Presidential debate morphs into open argument between Trump and Biden

by Talk Business & Politics staff ([email protected]) 793 views 

(screen grab from PBS Newshour)

Chris Wallace, Fox News anchor and moderator of the first presidential debate of 2020 between President Donald Trump and former Vice President Joe Biden, had has hands full from the first second of Tuesday night’s (Sept. 29) debate, and not much changed for more than 90 minutes.

Wallace, the lone moderator of the first event managed by the Commission on Presidential Debates, set six topics for the debate: the Trump and Biden records, the U.S. Supreme Court, COVID-19, the economy, race and violence in cities, and the integrity of the election. However, almost every question and response resulted in each candidate interrupting or being interrupted and Wallace at several points having to raise his voice in an attempt to gain control of the debate.

The debate became an open argument between the two candidates with frequent interruptions and the candidates talking over each other, sometimes with insults.

“Keep yapping, man,” a frustrated Biden said at one point.

“You know what, there is nothing smart about you, Joe,” Trump said.

Later in the debate, Wallace stopped to ask Trump to be silent. When Trump attempted to argue that Biden was also interrupting, Wallace noted: “Frankly, you’ve been doing more interrupting.” Wallace at one point chastised Trump by reminding the president that his campaign promised to follow debate rules, and hoped he would honor that promise by allowing Biden to complete his answers.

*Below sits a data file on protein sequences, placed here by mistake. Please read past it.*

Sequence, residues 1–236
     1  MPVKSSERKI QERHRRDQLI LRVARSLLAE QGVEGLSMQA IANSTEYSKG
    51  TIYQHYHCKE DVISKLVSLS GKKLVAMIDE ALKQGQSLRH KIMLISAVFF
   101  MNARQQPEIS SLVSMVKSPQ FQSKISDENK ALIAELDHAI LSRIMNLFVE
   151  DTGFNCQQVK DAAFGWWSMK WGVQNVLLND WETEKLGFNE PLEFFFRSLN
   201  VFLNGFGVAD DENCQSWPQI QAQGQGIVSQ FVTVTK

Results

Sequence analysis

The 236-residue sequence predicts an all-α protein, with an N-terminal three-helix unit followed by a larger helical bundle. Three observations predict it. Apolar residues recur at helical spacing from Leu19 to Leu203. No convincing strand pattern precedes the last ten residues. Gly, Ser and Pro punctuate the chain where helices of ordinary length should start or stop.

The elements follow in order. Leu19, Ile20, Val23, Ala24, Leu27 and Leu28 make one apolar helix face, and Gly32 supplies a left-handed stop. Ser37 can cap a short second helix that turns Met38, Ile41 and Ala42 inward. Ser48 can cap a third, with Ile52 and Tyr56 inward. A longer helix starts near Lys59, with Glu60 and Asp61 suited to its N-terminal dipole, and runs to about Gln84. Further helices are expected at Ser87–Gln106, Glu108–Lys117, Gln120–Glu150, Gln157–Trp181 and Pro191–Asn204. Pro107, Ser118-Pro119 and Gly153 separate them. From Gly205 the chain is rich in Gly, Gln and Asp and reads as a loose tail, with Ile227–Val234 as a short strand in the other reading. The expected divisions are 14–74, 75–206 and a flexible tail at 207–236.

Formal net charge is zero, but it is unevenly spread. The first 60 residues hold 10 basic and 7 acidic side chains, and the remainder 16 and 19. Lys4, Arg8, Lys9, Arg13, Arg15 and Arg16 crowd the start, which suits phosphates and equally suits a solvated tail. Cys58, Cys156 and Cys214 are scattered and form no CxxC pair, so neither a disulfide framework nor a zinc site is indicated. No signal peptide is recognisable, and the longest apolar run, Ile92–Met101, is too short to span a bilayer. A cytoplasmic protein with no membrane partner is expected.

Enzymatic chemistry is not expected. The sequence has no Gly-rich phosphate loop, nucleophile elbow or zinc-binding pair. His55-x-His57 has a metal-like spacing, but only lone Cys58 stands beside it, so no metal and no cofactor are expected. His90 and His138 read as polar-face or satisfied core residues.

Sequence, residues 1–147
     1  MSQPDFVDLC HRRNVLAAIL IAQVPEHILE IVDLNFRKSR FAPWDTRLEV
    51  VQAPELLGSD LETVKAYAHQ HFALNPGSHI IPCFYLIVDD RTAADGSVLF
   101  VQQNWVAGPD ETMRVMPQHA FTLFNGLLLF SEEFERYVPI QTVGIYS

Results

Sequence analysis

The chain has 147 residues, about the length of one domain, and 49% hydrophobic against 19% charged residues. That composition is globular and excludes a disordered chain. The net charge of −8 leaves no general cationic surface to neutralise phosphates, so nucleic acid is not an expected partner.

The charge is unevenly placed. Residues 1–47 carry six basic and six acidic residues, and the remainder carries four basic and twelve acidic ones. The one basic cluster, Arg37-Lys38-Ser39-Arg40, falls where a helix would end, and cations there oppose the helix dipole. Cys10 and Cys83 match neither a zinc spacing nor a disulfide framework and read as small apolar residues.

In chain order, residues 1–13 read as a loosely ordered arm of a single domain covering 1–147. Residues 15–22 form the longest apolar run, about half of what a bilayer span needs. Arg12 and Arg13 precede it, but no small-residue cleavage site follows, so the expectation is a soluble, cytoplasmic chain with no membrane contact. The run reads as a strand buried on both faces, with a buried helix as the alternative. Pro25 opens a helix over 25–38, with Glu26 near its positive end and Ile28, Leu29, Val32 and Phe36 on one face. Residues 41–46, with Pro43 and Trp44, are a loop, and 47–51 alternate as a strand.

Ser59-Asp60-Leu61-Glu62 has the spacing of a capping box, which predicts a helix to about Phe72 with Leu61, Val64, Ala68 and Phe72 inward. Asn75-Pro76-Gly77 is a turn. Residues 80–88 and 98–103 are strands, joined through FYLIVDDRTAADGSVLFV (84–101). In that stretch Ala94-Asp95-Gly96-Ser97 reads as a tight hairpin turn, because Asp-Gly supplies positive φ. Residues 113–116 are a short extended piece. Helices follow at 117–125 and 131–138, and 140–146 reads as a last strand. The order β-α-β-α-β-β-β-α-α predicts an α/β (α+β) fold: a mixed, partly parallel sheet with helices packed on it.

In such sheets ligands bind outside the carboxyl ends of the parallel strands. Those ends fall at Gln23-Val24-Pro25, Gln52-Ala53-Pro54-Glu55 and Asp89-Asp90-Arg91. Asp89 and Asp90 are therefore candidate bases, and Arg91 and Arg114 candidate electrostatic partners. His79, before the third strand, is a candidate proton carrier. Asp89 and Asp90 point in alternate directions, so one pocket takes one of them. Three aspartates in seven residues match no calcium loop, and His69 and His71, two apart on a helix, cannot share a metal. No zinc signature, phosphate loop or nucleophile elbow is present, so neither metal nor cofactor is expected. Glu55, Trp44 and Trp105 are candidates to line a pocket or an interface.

Following are some of the few discernible points made by each candidate during the debate.

• On nominating Federal Judge Amy Coney Barrett so soon before the election, Trump noted: “I will tell you very simply we won the election. Elections have consequences.” He added that “very few people knowingly” would not push for a Supreme Court confirmation if given the chance.

• Biden said the move to nominate and confirm Barrett is because Trump and the GOP want to get rid of the Affordable Care Act, and overturn Roe v. Wade, the 1973 U.S. Supreme Court decision which provided abortion rights to women.

• Trump said he should be re-elected because no president has done more than he has even in the midst of the “impeachment hoax.” Trump also said he has been successful in appointing more judges than any other president, including three Supreme Court justices, although only two have been confirmed.

• Biden said that under Trump “we’ve become weaker, sicker, poorer and more divided.”

• When Trump said “we will have the (COVID-19) vaccine very soon,” Biden responded by asking “do you believe for a moment” what Trump says about the vaccine “considering all the lies he’s told you about COVID?”

• When Wallace asked Trump if he would provide his tax records for 2016 and 2017, Trump did not directly answer, but said he paid “millions of dollars” in those years, and was just following allowable tax laws, some of which were passed during the Obama administration.

Following are other debates scheduled by the Commission on Presidential Debates. All debates are scheduled for 90 minutes – without commercials – and are set to begin at 8 p.m. (CST).
Oct. 7: Vice-presidential debate at the University of Utah in Salt Lake City
Oct. 15: Second presidential debate at the Adrienne Arsht Center for the Performing Arts in Miami
Oct. 22: Third presidential debate at Belmont University in Nashville

Talk Business & Politics contributors Dr. Jay Barth and Robert Coon offered their analysis of the debate in a conversation with TB&P’s Roby Brock. You can watch their comments in the video below.

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